1. Which Book are you currently reading and which page are you on?
I’m still reading Washington Irving’s The Sketch Book of Geoffrey Crayon, Gent or Sleepy Hollow: Schaurige Erzählungen (Ghastly Tales) a book that I started reading back in 2014. It’s a collection of different essays and stories by Irving.
After a few days of reading I’m now on page 111.
2. What is the first sentence on your current page?
Alles dieß lasse ich als eine reiche Fundgrube hinter mir, welche spätere Erläuterer bearbeiten mögen; auch zweifele ich nicht, daß die Tabaksdose und der »halbvergoldete Becher,« welche ich jetzt an das Tageslicht gebracht habe, später Gegenstände zu Kupferstichen hergeben, und beinahe eben so viele bändereiche Abhandlungen und Streitschriften erzeugen werden, als der Schild des Achilles, oder die weitberühmte Portland-Vase.
or in English:
All this I leave, as a rich mine, to be worked by future commentators, nor do I despair of seeing the tobacco-box, and the “parcel-gilt goblet” which I have thus brought to light the subject of future engravings, and almost as fruitful of voluminous dissertations and disputes as the shield of Achilles or the far-famed Portland Vase.
Thanks internet for providing online reading material…I really wouldn’t have wanted to type and translate that…
3. What do you desperately need to tell about your current book? (Thoughts, Feelings, a Quote, whatever you want!)
Since last week I’ve come across some very interesting essays, one being English Writers on America, another being The Art of Book-Making and the last one being The Boar’s Head Tavern, Eastcheap. All of them have quite interesting points that even seem valid today.
In the first one he talks about English media relying on unreliable sources telling them about the New World (aka America) and this quote stood out to me in regards to the way modern media portrays certain things:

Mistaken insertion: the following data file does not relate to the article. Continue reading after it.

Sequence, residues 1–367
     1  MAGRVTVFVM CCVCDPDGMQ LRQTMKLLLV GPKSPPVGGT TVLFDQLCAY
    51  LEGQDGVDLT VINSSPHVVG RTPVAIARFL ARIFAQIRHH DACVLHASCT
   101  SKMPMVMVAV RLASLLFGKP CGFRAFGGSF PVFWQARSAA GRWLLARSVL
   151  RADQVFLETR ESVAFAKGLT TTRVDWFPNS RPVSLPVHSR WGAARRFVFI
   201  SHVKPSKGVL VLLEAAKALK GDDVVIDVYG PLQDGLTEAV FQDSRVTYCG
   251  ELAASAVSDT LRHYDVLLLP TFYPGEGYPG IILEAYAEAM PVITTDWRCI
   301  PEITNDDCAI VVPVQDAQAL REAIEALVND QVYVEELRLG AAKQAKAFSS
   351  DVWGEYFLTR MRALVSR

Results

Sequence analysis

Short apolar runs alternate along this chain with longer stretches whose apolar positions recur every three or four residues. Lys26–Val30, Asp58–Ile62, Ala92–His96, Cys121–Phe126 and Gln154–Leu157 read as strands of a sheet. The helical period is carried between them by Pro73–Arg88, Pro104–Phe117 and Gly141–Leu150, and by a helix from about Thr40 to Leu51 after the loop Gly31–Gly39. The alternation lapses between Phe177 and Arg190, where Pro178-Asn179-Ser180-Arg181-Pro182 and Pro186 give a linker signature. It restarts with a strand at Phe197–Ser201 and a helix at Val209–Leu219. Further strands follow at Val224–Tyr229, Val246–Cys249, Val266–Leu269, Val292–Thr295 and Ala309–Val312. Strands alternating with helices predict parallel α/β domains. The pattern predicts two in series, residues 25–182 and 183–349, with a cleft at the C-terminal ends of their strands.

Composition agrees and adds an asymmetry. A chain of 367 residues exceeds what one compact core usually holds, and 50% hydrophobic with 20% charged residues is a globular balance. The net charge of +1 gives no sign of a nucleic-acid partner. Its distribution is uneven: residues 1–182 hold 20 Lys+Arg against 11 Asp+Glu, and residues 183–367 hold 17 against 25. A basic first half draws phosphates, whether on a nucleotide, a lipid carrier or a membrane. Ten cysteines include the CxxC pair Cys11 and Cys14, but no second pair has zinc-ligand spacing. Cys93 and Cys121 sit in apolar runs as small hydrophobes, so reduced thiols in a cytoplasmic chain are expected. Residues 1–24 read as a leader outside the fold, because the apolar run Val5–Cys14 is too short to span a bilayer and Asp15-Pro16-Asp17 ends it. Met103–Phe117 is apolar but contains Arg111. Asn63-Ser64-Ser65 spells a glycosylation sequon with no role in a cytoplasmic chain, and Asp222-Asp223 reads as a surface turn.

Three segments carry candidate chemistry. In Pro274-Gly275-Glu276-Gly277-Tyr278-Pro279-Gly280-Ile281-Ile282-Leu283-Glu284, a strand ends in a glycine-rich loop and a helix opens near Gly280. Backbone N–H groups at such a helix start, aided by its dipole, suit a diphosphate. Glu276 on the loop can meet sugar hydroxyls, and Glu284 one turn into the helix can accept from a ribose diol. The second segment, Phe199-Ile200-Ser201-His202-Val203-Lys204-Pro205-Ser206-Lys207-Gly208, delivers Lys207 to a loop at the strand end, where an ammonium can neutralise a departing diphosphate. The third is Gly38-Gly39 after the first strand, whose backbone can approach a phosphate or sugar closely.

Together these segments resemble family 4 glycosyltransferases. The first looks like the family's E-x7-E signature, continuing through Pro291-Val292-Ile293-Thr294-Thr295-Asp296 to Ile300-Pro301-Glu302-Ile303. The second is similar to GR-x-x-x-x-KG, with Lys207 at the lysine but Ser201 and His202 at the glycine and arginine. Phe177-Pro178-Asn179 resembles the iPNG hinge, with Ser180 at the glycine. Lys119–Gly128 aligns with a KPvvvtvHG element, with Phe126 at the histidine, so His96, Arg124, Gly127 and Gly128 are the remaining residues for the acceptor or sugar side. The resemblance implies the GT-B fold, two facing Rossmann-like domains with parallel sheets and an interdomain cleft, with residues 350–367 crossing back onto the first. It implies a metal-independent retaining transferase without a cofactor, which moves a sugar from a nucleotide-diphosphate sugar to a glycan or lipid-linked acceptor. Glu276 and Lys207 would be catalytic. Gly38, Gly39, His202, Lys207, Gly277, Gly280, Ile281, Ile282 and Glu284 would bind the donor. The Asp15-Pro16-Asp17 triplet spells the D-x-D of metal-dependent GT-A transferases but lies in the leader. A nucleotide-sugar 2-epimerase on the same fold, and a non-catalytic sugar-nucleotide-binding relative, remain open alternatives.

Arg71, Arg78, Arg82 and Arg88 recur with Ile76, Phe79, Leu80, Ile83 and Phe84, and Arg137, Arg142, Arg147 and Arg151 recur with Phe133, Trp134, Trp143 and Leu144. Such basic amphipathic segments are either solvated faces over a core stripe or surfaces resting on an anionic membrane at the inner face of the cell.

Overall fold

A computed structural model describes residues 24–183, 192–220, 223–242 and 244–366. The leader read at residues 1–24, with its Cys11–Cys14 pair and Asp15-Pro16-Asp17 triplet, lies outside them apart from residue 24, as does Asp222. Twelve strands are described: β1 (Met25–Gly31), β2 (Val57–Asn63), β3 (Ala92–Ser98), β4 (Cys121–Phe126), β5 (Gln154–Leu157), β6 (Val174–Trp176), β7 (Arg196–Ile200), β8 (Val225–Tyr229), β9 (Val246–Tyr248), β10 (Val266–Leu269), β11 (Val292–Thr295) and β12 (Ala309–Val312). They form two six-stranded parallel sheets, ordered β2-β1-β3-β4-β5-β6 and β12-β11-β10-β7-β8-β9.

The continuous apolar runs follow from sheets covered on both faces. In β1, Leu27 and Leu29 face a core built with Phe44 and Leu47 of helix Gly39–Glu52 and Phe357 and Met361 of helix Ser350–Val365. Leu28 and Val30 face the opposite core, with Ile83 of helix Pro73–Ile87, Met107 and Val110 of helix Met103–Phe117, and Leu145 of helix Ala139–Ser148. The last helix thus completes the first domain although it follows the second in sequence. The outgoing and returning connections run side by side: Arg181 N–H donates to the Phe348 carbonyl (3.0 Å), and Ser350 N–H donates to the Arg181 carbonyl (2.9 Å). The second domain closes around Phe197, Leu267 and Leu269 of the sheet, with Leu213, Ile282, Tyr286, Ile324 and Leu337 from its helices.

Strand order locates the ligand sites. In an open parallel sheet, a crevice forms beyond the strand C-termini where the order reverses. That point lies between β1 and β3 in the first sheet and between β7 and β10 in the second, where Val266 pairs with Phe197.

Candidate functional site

Knowledge is power, and truth is knowledge; whoever, therefore, knowingly propagates a prejudice, wilfully saps the foundation of his country’s strength.
– W. Irving: English Writers on America
In The Art of Book-Making he describes a dream sequence were authors act like beggars and put together their own garments by using the works of those that came before them, essentially implying that no work of fiction – or even non-fiction – is new and just made up off thoughts and writings of authors of previous generations.
It’s a fascinating picture of something every writer came across at some point.
The last one deals with being a fan – in this case of Shakespeare – and what fans are willing to do to re-live what their heroes have written or to explore their writings differently. In Irving’s case he recalls a journey to Eastcheap where he wants to visit the tavern described in Henry IV. Things like that are still done today and not just for books, but also movies and TV shows. It’s even encouraged through provided tours or guides to explore those places yourself. While we were in Bath, e.g. we followed an audio guide to take us to the places of Jane Austen’s life and books in the town – during my commute days I then listened to Northanger Abbey that partly took place in there. We did the same in London, where we followed – amongst others – a Sherlock Holmes audio tour, even if it was more in regards to the first Robert Downey Jr. movie than the actual books. I believe it can be quite interesting to see where the inspiration for a story or movie was taken from and then see how it was changed through the authors eyes.